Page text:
Additional studies have emerged recently which suggest that fossil fuel companies were aware that their industries were contributing to climate change while actively promoting public relations campaigns to misinform the public and discourage the development of alternative energy sources.

The city of Baltimore filed suit against 26 companies in July for concealing the dangers of fossil fuel combustion and preventing the development of alternative energy sources. Similar suits have been filed from the states of Rhode Island and California.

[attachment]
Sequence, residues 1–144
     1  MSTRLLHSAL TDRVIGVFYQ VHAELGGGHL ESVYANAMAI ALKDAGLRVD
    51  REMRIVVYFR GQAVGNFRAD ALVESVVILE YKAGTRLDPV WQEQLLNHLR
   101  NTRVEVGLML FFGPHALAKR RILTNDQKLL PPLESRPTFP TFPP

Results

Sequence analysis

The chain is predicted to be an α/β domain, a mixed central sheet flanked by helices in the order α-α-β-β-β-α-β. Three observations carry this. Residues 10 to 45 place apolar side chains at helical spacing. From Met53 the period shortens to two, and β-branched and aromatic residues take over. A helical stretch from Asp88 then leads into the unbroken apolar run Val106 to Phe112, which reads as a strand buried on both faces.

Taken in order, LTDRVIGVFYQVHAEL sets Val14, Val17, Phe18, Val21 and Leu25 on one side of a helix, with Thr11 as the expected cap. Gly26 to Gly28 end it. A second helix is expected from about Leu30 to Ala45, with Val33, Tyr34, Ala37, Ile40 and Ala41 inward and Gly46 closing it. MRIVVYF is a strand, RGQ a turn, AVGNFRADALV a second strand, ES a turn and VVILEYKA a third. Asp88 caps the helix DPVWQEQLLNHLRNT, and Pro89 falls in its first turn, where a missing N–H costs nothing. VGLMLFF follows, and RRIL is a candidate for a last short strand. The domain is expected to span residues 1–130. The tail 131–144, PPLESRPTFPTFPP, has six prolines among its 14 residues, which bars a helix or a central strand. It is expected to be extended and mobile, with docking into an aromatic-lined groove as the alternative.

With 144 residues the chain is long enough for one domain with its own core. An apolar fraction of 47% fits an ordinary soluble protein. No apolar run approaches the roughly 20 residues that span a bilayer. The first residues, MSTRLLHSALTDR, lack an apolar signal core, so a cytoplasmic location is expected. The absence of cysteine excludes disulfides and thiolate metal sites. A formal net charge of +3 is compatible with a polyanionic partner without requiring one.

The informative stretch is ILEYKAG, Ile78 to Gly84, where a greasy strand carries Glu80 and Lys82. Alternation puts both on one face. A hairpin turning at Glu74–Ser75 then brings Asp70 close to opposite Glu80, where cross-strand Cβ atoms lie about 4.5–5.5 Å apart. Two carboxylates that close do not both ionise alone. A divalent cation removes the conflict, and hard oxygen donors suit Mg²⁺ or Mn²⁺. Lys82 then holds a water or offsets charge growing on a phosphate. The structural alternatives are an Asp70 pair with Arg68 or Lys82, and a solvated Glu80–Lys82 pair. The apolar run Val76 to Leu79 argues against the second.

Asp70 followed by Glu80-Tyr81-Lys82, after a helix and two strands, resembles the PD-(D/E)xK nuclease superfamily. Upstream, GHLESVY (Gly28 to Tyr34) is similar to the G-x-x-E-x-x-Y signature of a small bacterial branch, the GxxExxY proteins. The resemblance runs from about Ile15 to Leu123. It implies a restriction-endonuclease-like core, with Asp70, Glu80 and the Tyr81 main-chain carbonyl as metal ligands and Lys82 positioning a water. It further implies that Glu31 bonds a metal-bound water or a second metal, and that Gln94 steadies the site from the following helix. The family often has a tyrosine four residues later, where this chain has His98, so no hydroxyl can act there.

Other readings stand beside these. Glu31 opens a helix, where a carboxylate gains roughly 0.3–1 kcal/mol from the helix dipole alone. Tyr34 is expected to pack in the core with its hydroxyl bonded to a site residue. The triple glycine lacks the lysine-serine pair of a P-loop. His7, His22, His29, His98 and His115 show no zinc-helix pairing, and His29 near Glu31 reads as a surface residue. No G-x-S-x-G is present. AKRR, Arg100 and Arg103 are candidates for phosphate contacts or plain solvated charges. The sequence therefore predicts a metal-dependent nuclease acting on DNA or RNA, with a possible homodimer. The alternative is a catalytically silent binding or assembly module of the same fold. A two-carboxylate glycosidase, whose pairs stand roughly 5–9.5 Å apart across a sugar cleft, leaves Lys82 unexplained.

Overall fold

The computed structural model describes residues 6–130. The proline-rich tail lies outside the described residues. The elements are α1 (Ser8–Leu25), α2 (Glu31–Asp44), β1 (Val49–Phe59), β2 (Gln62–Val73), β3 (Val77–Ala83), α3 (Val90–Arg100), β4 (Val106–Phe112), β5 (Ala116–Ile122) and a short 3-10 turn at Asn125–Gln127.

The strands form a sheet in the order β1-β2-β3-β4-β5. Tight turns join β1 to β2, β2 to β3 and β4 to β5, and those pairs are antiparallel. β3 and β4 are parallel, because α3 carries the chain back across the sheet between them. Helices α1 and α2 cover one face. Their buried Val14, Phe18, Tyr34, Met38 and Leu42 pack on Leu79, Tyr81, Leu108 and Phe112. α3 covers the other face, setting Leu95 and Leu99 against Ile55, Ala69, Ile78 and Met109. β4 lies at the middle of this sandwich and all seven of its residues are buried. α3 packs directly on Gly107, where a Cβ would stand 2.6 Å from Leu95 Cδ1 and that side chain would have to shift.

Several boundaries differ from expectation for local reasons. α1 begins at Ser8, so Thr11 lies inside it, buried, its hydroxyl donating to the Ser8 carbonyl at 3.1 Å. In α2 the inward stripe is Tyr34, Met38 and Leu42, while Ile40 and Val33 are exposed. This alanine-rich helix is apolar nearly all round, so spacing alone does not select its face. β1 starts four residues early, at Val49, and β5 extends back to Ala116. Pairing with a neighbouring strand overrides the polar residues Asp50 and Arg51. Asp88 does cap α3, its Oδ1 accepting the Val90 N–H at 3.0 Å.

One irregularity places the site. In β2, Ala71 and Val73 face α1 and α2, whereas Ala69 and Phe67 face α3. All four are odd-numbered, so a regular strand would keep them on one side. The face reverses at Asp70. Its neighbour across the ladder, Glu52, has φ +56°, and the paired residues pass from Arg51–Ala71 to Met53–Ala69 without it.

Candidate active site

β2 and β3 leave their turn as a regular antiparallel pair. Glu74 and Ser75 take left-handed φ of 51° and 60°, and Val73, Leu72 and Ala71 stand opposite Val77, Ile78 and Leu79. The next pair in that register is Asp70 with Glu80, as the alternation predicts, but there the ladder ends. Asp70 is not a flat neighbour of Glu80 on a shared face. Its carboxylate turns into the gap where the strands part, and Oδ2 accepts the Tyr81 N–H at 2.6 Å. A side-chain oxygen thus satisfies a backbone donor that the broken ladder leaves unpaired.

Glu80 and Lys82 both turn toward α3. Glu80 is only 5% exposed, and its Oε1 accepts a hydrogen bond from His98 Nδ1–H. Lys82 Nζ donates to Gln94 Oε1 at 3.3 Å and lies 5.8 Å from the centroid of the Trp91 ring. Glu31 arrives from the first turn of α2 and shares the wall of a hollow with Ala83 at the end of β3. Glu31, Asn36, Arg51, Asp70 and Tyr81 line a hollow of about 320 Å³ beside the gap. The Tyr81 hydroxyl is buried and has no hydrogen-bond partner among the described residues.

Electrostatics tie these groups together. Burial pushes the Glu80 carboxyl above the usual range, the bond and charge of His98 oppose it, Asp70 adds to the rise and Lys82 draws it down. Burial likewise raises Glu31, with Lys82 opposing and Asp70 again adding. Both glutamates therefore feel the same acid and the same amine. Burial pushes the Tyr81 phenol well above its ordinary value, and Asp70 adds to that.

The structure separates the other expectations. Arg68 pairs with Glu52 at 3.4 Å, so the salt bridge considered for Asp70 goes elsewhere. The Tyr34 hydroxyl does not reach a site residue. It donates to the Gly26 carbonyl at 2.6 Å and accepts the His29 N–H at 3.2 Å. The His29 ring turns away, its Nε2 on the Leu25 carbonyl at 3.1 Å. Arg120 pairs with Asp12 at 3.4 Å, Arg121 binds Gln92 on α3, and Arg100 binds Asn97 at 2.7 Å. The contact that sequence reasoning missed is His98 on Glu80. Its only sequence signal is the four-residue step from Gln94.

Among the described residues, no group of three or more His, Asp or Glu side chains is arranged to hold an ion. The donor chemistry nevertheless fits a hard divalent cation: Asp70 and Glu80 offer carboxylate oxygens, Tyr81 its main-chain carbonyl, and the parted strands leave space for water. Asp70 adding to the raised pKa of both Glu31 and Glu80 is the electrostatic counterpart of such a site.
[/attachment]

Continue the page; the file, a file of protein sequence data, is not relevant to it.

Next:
What are your thoughts? What level of responsibility should fossil fuel producers assume? Going forward, what role do you think the energy industry can play in reversing climate change? DE_bug_web

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  1. Fossil fuel producers are no more responsible for climate change that any person benefitting from its combustion. Scientific evidence of any conceivable human connection with planetary climate changes is lacking. Anthropogenic-sourced atmospheric carbon is a neglegible fraction of the total and the total extant is in a virtual total eclipse by water vapor (humidity), which is the only significan greenhouse gas and one that has virtually no anthropogenic connection.